So, as someone who really believes in peer learning, that leaves me with a few choices. First, I could simply be happy learning in community with the smaller opt-in group that wants to learn in this way. Second, I could keep embracing peer learning and try to convert more mainstream teachers (and likely be frustrated when they vanish). A third option I’ve started to experiment with is a hybrid sort of model that uses some peer learning oriented approaches, but also includes enough more mainstream teaching and learning methods to keep more folks engaged.
Frankly, I don’t like any of these options.
The first is probably the best option, but it is really preaching to the choir and doesn’t move the needle much. Selfishly, though, it may serve my own learning the best, and certainly isn’t frustrating, as the other two options are. The third option attracts and maintains a bigger audience, but does it move things along? Can those who don’t want to direct their own learning be moved along by being a part of a community and seeing others model the behaviour?
Sometimes, it all seems like too big a challenge for me.
I’m working on another MOOC, this one focused on deeper learning, and it is prompting me to think a lot about what deeper learning means to me.
(As background, the Deeper Learning MOOC or DLMOOC is a free, flexible, nine-week online course that will allow K-16 educators to learn about how deeper learning can be put into practice. It starts on January 20.)
To me, deeper learning is about the kind of learning experiences where you immerse yourself in something and learn in a way that sticks with you for life.
Thinking back on my own academic experiences, I realize that while I was in many ways the model student in elementary and secondary school, I rarely experienced deeper learning. I wasn’t particularly “smart,” but I was very good at the game of school. I was an excellent reader and writer, and perhaps most relevant to my success, I was a great test taker. I could whip through textbooks and ace whatever assessments were given, but I retained little. The few K-12 experiences I had that I would characterize as deeper learning were out of the mainstream of the curriculum – a science fair project, several independent study projects, extensive journaling on topics that mattered to me. These are the learning experiences that have stuck with me over the years and influenced my life and work as an adult.
The Hewlett Foundation defines deeper learning as “using … knowledge and skills in a way that prepares [students] for real life.” It is “mastering core academic content…, while learning how to think critically, collaborate, communicate effectively, direct their own learning, and believe in themselves (known as an ‘academic mindset’).” Curiously, this is a good description of my graduate school experience. It was filled with academic content, critical readings, collaborative group projects, and presentations. And yet, here too, I don’t feel that I learned deeply. Instead, I was fulfilling requirements to get a piece of paper.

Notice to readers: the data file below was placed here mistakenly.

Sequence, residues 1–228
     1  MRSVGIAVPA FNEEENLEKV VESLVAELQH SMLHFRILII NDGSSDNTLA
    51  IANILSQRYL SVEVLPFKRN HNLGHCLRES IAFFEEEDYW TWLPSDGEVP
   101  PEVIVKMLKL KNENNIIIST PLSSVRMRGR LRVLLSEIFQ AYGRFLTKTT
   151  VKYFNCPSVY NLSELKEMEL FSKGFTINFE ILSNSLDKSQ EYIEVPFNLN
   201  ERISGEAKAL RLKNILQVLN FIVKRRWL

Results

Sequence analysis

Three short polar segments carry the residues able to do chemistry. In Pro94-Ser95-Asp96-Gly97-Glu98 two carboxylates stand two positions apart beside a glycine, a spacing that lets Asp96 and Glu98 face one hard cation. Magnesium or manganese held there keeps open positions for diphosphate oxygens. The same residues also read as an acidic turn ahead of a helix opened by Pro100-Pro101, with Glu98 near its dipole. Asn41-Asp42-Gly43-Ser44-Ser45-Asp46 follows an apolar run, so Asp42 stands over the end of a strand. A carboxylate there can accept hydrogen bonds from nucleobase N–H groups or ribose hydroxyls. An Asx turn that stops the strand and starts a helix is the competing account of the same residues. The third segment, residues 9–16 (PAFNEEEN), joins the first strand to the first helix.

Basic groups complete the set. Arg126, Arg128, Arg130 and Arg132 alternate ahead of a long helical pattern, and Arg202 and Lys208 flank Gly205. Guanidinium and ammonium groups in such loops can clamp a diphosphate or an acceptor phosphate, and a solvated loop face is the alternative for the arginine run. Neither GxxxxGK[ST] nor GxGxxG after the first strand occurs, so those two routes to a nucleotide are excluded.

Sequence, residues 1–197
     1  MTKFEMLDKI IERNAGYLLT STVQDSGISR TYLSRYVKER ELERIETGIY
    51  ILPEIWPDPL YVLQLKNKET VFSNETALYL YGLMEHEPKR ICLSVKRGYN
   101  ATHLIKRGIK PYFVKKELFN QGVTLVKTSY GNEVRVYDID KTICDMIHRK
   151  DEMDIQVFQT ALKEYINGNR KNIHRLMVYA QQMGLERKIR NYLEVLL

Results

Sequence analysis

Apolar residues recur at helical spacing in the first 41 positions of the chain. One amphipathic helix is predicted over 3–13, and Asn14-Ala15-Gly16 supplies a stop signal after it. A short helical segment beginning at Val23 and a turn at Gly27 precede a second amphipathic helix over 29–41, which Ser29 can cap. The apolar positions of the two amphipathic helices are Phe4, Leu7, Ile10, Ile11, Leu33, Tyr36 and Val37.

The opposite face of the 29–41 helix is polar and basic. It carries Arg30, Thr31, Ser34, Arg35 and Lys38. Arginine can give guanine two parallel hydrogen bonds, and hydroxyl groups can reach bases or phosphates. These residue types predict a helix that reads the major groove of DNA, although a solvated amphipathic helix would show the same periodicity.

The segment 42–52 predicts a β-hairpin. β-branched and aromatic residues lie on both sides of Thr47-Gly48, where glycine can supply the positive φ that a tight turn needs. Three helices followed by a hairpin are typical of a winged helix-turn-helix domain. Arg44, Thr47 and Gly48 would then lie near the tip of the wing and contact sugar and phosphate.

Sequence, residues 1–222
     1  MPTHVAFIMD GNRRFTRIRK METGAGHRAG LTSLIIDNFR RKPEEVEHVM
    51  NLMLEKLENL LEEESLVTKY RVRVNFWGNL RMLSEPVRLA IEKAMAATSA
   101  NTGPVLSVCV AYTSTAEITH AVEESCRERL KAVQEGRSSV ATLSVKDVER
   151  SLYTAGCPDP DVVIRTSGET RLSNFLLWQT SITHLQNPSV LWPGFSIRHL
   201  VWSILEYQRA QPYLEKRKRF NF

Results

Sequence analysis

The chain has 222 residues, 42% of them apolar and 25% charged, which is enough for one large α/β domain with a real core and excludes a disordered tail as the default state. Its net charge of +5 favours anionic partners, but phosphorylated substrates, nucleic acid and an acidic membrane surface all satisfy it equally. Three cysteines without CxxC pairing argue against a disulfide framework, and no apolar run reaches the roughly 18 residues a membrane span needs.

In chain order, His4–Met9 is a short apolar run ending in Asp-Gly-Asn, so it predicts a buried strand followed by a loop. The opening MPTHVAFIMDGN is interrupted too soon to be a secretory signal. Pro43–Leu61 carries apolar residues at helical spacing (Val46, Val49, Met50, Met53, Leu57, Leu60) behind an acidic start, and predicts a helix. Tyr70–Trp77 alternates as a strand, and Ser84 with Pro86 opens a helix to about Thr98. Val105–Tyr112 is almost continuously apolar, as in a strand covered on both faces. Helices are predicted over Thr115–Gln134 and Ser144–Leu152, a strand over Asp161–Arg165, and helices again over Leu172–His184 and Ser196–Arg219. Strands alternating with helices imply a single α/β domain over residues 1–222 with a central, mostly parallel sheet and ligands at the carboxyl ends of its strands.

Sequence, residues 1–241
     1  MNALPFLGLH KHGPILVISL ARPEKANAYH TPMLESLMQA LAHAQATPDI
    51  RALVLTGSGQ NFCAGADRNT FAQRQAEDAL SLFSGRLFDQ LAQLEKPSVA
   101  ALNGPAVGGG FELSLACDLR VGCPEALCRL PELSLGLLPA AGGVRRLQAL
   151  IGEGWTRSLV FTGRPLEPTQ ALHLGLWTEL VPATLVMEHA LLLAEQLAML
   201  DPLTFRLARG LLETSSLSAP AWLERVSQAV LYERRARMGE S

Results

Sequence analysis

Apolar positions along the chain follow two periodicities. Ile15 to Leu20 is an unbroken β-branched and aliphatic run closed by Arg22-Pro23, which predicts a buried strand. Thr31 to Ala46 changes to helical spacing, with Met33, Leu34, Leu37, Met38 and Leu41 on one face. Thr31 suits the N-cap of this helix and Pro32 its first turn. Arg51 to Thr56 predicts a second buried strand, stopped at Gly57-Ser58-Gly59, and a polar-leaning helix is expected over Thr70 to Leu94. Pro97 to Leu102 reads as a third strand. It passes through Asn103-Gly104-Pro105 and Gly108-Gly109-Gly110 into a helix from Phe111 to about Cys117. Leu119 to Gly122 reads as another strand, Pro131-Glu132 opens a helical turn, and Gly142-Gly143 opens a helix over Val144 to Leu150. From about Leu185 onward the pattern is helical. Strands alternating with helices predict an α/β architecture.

In truth, this may be my own fault, more so than the program’s. While I was in graduate school, I was also working a 60+ hour a week job. Ironically, this job was where I experienced deep learning. There I was engaged in real-world content that consumed me, and my work had real implications. The elements of content, critical thinking, collaboration, effective communication, self-directed learning, and academic mindsets were present in both grad school and my job – but the learning experience was completely different.
As a teacher, I think the best example of deeper learning in my east African classroom was when we threw out our British curriculum for six weeks and engaged in a cross-disciplinary African studies unit. We still learned math, science, history, and language arts, but it was suddenly brought to life by hands on projects based in a more relevant context.
What do these personal experiences in deeper learning have in common? Personal relevance. In-depth exploration. Getting lost in discovery and problem solving. Immersive learning. Perhaps the particular strategies for achieving this (project-based learning, maker activities, etc.) should vary with the learner and the context. Certainly, there is no magic formula for achieving success. As with curriculum, good teachers can be successful with bad materials/methods and vice versa.
What does “deeper learning” mean to you? If you are interested in puzzling through what deeper learning means and seeing some stellar examples of deeper learning in action, perhaps you’ll join us for DLMOOC in January. You can sign up here.